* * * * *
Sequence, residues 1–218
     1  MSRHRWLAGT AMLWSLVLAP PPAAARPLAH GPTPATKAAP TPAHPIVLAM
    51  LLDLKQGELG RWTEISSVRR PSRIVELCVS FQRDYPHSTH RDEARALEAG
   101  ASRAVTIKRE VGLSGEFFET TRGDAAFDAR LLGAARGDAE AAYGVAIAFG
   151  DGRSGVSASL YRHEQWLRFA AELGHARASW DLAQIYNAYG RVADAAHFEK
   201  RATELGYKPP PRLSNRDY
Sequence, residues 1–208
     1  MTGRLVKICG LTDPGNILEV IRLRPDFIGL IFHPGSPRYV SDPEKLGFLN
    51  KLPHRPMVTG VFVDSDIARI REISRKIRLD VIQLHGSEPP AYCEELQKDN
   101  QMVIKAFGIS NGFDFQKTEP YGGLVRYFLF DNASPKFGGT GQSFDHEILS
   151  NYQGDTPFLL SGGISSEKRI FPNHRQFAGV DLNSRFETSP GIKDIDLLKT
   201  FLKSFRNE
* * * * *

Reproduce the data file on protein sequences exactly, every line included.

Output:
Sequence, residues 1–218
     1  MSRHRWLAGT AMLWSLVLAP PPAAARPLAH GPTPATKAAP TPAHPIVLAM
    51  LLDLKQGELG RWTEISSVRR PSRIVELCVS FQRDYPHSTH RDEARALEAG
   101  ASRAVTIKRE VGLSGEFFET TRGDAAFDAR LLGAARGDAE AAYGVAIAFG
   151  DGRSGVSASL YRHEQWLRFA AELGHARASW DLAQIYNAYG RVADAAHFEK
   201  RATELGYKPP PRLSNRDY
Sequence, residues 1–208
     1  MTGRLVKICG LTDPGNILEV IRLRPDFIGL IFHPGSPRYV SDPEKLGFLN
    51  KLPHRPMVTG VFVDSDIARI REISRKIRLD VIQLHGSEPP AYCEELQKDN
   101  QMVIKAFGIS NGFDFQKTEP YGGLVRYFLF DNASPKFGGT GQSFDHEILS
   151  NYQGDTPFLL SGGISSEKRI FPNHRQFAGV DLNSRFETSP GIKDIDLLKT
   201  FLKSFRNE